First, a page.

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Who or Whom, Its or It's? Grammar Questions Test Us All

April 01, 1993|MARY LAINE YARBER | SPECIAL TO THE TIMES; Mary Laine Yarber teaches English at Santa Monica High School

People constantly call me to double-check the grammar in their academic, personal and business writing.

Over the years I have noticed that some kinds of grammar, punctuation and usage rules cause more angst and confusion than others.

So I have compiled a rundown of some of the most common problems and the keys to their mysteries.

Homonyms (words that sound alike but have different meanings) are troublesome, especially it's and its, you're and your, who's and whose, and they're, their and there.

It's is a contraction of it is or it has, as in "It's a tough concept." Its, however, shows possession, as in "Close its lid."

You're is a contraction of you are, while your shows possession: "You're not in your assigned seat."

Who's means who is or who has; whose shows possession ("Whose book is this?").

They're is a contraction for they are, their shows possession and there indicates location: "They're building their new home over there."

Then there are the "What's the difference between . . . ?" questions.

For example, what's the difference between who, which and that?

Simple.

Use who and whom only in reference to people, as in "Diana is my friend who recently got married."

Which is used only for animals and things: "Vicky has some great lesson plans, which I plan to borrow."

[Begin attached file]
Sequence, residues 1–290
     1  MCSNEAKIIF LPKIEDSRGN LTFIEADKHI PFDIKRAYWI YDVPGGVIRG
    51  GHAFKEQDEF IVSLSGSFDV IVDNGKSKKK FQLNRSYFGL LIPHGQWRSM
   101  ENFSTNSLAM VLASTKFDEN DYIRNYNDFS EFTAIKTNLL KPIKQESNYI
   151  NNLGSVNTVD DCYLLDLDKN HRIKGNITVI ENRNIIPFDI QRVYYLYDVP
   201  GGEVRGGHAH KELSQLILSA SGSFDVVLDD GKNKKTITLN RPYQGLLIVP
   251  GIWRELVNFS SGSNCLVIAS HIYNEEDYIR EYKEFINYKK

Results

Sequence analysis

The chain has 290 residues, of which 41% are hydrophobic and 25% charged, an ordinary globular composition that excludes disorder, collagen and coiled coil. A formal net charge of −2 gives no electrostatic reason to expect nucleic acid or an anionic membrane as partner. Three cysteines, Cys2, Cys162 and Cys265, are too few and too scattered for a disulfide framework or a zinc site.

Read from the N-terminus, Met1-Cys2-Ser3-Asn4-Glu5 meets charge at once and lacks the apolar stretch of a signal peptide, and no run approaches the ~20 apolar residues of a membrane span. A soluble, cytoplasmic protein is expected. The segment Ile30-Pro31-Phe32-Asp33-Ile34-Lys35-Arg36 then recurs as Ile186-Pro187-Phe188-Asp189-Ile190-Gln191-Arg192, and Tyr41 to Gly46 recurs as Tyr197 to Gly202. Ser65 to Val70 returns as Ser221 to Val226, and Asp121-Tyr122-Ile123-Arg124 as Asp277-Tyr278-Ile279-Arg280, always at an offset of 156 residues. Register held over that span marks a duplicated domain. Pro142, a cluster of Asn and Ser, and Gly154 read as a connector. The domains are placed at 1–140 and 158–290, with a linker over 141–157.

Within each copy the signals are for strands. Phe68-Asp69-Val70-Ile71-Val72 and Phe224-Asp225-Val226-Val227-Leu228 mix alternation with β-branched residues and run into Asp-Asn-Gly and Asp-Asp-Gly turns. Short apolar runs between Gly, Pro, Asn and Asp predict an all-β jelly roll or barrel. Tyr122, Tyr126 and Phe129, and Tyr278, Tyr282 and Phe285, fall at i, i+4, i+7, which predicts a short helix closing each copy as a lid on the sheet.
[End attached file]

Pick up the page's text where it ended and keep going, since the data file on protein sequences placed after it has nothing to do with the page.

That is multipurpose: it can be used for people, animals and things, as in "Muffy is the poodle that once ate my homework."

Surely one of the great mysteries of humankind is the difference between who and whom.

While whom has nearly vanished from informal English, it is still used in formal speech and writing.

Here's an easy rule. When in doubt, substitute a personal pronoun, such as he or him, or they or them. If he or they fits, use who. If him or them fits, use whom.

A literary or artistic title can be confusing because many people don't know whether to underline it or put it within quotation marks.

Use quotation marks for short poems, short stories, articles, songs, television shows, paintings, and excerpts from longer works. Example: k. d. lang's "Constant Craving" is my favorite song.

Underline or italicize titles of books, plays, long poems, magazines, newspapers, movies--even ships, trains, and airplanes. Example: The film Malcolm X is a hot topic for classroom debates.

When should you spell out a number? In general, any number that needs only one or two words should be spelled out.

If a number requires more than two words, use figures.

At the beginning of a sentence, though, always spell out the number, as in "Six cookies are missing from my lunch."

Now for some of the words and phrases that are most often used incorrectly (indeed, some of them don't even officially exist).

Different than is common in colloquial usage but wrong; something is different from another something.

Can't hardly, can't scarcely, and can't barely are all double negatives and therefore incorrect.

People are hanged; pictures and other things are hung.

Use fewer for items that can be counted individually, but use less for things that aren't quantifiable. (I have fewer freckles and less money than my sister).

Farther is for physical distance (farther down the road), and further is for things that can't be quantified (falling further in love).

Finally, the phrase that always gives me the willies: "between you and I." Use "between you and me" instead. Trust me.

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